The use of business titles in Mexican business life is important.
Most people with professional degrees are addressed using their professional title. This is especially true in written communication. Failure to do so can be seen as lack of education and offensive.
Until you get to know a person, always use the professional title or full name, never address them by their first name until it is clear that they are comfortable with this.
You can ask how they wish to be addressed if unsure. It’s better to make a mistake on the side of formality.
Some titles are general, and when in doubt regarding the professional title, you should use these:
- Joven – refers to any young man from birth to adolescent.
- Señor (Sr.) – refers to any male older than an adolescent.
- Don – a term of great respect used to recognize older males.
- Señorita (Srta.) – refers to any unmarried female. Once a woman is above a certain age, she is referred to as Señora, even if unmarried.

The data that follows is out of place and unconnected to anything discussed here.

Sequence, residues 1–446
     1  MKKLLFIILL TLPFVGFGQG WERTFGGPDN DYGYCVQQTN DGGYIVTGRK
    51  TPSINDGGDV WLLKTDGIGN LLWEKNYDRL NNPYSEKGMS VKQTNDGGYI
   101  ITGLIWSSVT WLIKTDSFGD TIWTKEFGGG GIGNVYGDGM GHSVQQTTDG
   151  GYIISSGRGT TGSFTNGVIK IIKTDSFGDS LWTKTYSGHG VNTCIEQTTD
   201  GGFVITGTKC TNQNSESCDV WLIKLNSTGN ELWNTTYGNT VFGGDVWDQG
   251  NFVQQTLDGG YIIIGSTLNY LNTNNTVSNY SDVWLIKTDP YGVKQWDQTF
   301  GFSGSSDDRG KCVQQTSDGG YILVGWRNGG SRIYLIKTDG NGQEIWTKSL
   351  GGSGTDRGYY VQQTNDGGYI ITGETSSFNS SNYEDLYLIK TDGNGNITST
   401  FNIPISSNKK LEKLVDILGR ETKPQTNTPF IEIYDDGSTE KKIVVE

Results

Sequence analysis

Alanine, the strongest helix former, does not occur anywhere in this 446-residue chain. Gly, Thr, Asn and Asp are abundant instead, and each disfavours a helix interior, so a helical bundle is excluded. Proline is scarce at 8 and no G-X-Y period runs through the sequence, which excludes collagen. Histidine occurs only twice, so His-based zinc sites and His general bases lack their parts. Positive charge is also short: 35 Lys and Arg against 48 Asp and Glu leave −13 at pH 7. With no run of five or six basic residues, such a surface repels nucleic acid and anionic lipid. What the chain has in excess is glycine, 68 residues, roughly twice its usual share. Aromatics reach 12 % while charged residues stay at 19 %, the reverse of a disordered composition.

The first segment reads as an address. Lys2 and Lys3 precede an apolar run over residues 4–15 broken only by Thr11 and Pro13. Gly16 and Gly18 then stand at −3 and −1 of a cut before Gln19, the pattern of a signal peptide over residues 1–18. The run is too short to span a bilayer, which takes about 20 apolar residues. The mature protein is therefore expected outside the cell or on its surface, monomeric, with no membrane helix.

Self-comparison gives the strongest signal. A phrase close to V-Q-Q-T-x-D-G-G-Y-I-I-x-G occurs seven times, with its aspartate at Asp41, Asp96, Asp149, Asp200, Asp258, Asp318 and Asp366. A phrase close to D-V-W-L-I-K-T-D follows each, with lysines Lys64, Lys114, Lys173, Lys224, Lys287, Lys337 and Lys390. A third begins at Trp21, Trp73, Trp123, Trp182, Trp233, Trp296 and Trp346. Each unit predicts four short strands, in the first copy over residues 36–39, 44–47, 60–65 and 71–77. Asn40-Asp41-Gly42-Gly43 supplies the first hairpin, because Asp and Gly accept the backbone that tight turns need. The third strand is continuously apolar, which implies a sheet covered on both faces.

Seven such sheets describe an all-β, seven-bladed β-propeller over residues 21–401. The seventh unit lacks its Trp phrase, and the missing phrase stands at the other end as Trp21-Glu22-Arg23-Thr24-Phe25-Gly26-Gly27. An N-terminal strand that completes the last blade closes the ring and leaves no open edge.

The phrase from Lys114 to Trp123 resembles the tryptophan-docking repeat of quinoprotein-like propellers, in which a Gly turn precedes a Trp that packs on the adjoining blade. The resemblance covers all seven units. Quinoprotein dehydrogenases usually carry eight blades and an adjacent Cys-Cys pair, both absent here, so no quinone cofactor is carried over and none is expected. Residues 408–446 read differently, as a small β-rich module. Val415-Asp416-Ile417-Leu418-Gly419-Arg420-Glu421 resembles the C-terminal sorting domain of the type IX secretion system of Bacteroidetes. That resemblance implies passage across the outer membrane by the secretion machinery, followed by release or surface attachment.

- Señora (Sra.) – refers to any married or widowed woman.
- Doña – a term of great respect used to recognize older females.
- Doctor (Dr.) masculine, or Doctora (Dra.) feminine – Refers to anyone with a PhD. or Medical Doctors degree.
- Licenciado (Lic.) masculine, or Licenciada (Lic.) feminine – refers to anyone with a law degree (most common usage) or Bachelor’s Degree.
- Contador Publico (C.P.) – refers to anyone with a public accounting degree.
- Ingeniero (Ing.) – refers to someone with an engineering degree.
- Arquitecto (Arq.) – Refers to anyone with an arquitectural degree.
- Diputado (Dip.) masculine, or Diputada (Dip.) feminine – refers to a publicly elected official equivalent to Federal, State or Local representative in the USA.